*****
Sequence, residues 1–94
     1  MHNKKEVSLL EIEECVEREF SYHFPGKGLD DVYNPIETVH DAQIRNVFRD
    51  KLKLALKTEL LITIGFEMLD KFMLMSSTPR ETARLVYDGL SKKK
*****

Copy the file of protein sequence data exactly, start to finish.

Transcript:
Sequence, residues 1–94
     1  MHNKKEVSLL EIEECVEREF SYHFPGKGLD DVYNPIETVH DAQIRNVFRD
    51  KLKLALKTEL LITIGFEMLD KFMLMSSTPR ETARLVYDGL SKKK